The BOS has produced a monthly newsletter since January 1956. All members receive a copy of the newsletter each month. It contains the recent bird sightings and other articles of interest to members. Past newsletters are available to download for each year from the files below. The newsletters have been compiled into an annual report with an index at the beginning so you can quickly locate the newsletter for each month, except for the years 1956-1963 which are only a few pages long. Note that some December and January newsletters have pages omitted where the society's accounts have been removed. The older newsletters have been digitally scanned from the original reports, which in some cases means that the legibility is poor due to the way the originals were reproduced. In most cases it should be possible to perform textual searching within each document, allowing information on specific species to be located, for example.

  • There was no newsletter for September 1957
  • Newsletter #79 August 1962 is missing
  • There are some errors in the numbering of the newsletters, such as there being two issues numbered 605 and there being no #85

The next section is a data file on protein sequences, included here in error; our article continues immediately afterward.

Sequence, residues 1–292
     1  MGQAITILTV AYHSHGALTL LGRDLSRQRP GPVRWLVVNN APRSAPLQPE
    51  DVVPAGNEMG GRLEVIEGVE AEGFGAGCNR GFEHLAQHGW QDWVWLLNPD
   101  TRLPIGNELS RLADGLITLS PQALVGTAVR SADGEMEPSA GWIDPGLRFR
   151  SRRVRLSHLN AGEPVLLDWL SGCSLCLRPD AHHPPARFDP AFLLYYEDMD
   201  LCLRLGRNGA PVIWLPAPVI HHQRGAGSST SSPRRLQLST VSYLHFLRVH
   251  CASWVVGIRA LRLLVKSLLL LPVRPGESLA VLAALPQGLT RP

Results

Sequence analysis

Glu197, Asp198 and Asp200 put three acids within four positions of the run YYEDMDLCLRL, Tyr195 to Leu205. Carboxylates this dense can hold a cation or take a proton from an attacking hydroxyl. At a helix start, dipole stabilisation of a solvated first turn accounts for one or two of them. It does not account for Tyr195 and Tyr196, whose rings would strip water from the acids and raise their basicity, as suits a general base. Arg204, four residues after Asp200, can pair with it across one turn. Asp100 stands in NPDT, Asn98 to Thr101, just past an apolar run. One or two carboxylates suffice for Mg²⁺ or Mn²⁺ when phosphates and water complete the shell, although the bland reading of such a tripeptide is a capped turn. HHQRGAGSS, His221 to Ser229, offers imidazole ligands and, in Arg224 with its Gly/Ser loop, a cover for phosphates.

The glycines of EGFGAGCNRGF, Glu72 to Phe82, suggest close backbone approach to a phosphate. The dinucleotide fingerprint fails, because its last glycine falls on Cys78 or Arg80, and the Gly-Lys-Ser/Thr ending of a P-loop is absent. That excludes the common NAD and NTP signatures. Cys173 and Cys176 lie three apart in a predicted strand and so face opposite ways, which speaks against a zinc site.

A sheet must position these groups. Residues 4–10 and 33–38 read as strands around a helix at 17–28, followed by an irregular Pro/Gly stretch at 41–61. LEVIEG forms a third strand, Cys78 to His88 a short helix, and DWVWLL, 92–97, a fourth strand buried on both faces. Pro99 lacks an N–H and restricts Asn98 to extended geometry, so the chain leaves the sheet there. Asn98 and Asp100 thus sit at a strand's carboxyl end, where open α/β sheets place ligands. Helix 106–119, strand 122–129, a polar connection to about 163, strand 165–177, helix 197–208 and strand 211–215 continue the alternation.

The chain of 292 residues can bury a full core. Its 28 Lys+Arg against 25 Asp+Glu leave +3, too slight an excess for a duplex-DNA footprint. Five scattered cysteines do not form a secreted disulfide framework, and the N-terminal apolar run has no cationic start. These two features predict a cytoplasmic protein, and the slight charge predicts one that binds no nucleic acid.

• In the 1960s some months had supplementary newsletters with their own issue number
  • The February 2008 issue #632 says "January 2008" at the top of each page 

The newsletters have also been compiled into compendiums for each decade. This makes it easier to download the entire collection of newsletters. See this page for the compendium files: Newsletter Compendiums.

In March 2020 the BTO launched their Chaffinch Appeal to raise funds to help them research why the UK population of Chaffinch is undergoing a significant decline. Read more ...

Bars and Spots - Mixed Fortunes of our Woodpeckers - Ken Smith

Ken Smith is a former research scientist with RSPB and has been studying woodpeckers for over 30 years but has always been heavily involved with local birding and recording through the Herts Bird Club, bird ringing and the BTO. Read more ...

Depending upon Covid-19 restrictions nearer the time this year's count may have to be posponed until restrictions have been lifted.  Please note further guidance will appear here and in the Newsletters nearer the time.

The Long Day Count is carried out by teams of observers in each of the twelve 10km squares recording the number of bird species seen during a maximum of 12 daylight hours on the second Sunday in May each year. Read more ...

Website designed and built by Garganey Consulting